The future of wearable is in interactive mutant skins that will reflect that «Everything you touch, touches you. Everything that touches changes each other.»

Wearables the erotics of movement control systems: Robots vs Sensing machines.

There is lots of talk about how we can reinvent the body, about what it is capable of doing. However, here, through the Art performances: ¿Por qué tenemos órganos pares y solo un corazón? by Paola Tognazzi (2009) and Inferno by Louis Philippe Demers & Bill Vorn (2015) we reflect on how the body can be re-perceived and listened to as a body, using technologies that stimulate the expressive qualities generated by movements and conditions like will, effort and desire.

Both play with the erotics of movement control systems, listening and participation. However, the narratives are different, and thus the tools and strategies chosen to build the experience.


If your body could speak, what would it say?
Put on Wearable_SuperNow and dance your body will talk to you.
Mine said: Please tame me
How can I tame you?
Listen to me, speak with me, feel me.
To tame me you have to know me”

«¿Por qué tenemos órganos pares y solo un corazón?» is an participative performance that explores the theme of the need to truly know oneself and others to tame and being tamed.

The inquiry into why we have organs in pairs and only one heart began with a fundamental question: what is the body? After conducting interviews with a large sample of individuals, the conclusion was that the body can be seen as a machine, with the brain functioning through electrical currents and the heart operating without our conscious control. However, this raises an even more profound question: how can a machine be tamed to become human?

The piece format is a hybrid between a workshop and an interactive installation, featuring the Wearable_SuperNow system.

Using movement capture acelerometer sensors embedded in wearable bracelets, the audience is invited to participate in a live concert by controlling and transforming sounds with their movements. The performance creates an intimate soundscape that speaks from within, reflecting upon the erotics of body movement control and the desire for true connection.

The performance starts with the question: «If your body could speak, what would it say?» The audience’s answers are recorded directly in the system. Participants then wear the sensor and start dancing, initiating a dialogue between their bodies and the wearable technology. Through this process of reciprocal taming and being tamed, the audience is invited to listen to and connect with their bodies, and ultimately achieve a deeper sense of connection with themselves and others.


Inferno is a participative robotic performance project inspired by the concept of control and the representation of hell.

«From Dante’s Circles of Hell to theme parks such as Haw Par Villa’s Ten Courts of Hell, passing by Joe “the Mechanical Boy”, bodies are handed to eternal and external forces controlling and afflicting them. Those punishments and external powers, found in the depiction of numerous flavors of hell, suggests an infinite and mundane control loop under which the body will be forced to move endlessly. In Inferno, the «circles of hell» concept is a framework, a theme under which the different parts of the performance are regrouped.

The specificity of this performance resides in the situation where the machines involved in the performance are retrofitted on the body of raptured audience members cum performers. A select group of the public therefore become an active part of the performance, giving a radical instance of immersive and participative experiences. Shifting the exoskeleton’s command from the authors, to the computer, to the audience and to the performers, Inferno questions the nature of control – either machinic or human, either coerced or voluntary – where either utopian or dystopian futures radiate, both real and fictional. (Demers, 2015).»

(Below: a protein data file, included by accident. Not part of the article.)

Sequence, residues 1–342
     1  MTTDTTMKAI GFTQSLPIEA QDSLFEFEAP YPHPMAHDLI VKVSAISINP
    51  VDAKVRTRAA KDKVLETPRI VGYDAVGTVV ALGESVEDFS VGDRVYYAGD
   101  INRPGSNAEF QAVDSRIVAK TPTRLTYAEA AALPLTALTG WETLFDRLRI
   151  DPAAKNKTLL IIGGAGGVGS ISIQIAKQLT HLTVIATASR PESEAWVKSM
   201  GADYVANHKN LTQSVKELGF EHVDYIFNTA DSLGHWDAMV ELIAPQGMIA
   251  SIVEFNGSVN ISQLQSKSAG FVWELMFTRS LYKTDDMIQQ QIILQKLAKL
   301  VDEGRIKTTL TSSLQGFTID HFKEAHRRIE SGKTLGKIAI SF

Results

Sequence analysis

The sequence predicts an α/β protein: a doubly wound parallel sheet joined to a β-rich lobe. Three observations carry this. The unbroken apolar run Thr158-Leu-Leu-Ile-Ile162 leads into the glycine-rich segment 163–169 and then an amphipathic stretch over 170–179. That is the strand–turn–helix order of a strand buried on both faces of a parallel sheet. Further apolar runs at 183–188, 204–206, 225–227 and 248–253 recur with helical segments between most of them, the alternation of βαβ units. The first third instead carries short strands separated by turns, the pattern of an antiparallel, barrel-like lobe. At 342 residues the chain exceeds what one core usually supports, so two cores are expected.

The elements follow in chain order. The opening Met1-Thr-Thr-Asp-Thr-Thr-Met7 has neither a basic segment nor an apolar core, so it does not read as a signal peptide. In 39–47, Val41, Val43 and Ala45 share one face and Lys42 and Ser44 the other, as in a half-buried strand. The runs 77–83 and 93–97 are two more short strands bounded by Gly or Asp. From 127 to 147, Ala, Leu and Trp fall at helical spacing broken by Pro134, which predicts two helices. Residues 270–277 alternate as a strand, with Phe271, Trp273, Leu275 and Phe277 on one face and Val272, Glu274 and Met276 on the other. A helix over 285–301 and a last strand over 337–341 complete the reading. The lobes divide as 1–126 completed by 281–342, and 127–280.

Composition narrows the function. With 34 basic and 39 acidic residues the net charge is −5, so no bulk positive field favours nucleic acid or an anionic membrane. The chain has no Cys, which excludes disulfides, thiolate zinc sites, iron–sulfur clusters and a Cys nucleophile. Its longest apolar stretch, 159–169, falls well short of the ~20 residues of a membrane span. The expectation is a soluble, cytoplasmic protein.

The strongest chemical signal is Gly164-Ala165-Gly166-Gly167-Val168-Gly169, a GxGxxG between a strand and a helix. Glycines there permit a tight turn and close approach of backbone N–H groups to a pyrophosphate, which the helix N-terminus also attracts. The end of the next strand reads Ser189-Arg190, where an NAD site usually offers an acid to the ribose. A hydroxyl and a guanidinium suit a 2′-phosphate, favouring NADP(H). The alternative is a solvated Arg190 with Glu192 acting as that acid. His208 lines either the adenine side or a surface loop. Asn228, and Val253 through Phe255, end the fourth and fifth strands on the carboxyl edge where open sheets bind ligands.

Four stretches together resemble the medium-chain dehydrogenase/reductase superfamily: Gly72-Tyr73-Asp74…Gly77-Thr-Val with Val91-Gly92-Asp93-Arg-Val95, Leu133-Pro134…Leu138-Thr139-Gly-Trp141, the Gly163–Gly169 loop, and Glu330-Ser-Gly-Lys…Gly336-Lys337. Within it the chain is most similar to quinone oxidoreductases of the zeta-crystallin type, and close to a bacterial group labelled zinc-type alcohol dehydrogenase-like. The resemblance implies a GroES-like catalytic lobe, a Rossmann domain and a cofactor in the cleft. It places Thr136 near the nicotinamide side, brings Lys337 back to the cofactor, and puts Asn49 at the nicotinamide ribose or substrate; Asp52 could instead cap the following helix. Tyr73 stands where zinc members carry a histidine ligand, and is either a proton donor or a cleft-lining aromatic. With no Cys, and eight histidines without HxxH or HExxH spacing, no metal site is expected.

In Why do we have organs in pair and only one heart? the audience is asked to put on Wearable_SuperNow with which they can control and transform the tempo of the music with the energy of their movements. Then are invited to follow the artist dancing.

In Inferno, Louis-Philippe Demers & Bill Vorn ask the audience to wear a robotic exoskeleton. The wearable moves them. The choreography is preprogrammed into the wearable system, the wearer only receives the information, no deviation is possible.

Why do we have organs in pairs and only one heart? is a scripted narrative within an interactive tool that allows diversion, inferno is a scripted narrative within a programmed system, that allows no diversion.

In Inferno participants are moved by the robotic exoskeletons.
They have no control over the dance performance and they can move within the wire (leash) circumscribed area.

In Why do we have organs in pairs and only one heart? the audience has the control over the performance and the interactive wearable.
They can control their bodies performances and travel through the whole space.


While Demers through the robotic system conveys that the nature of control is either voluntary or coerced, Tognazzi through the interactive system shows that the nature of control is either aware or unaware.

Inferno materializes the sense of strength and invulnerability that came from the lack of responsibility when acting as pre programmed robots, while why do we have organs in pairs and only one heart? materializes the sense of fragility and vulnerability coming from the responsibility of being interactive sensing systems.

Both can be experienced as hells or paradises depending on the needs of the moment.
While in Inferno the audience is invulnerable, in ¿Porque temenos organos pares y solo un corazón? is vulnerable. However, Wearable_SuperNow by revealing their vulnerabilities it also transforms them in strengths and super powers.


This moment happened when superimposing the two pieces. The participants in Tame Me gently approaching the ones in Inferno, perhaps attracted by the little lights shining on their arms, to hug them. It suggested the image of beings split in two, wondering like ghosts looking to reunite their bodies.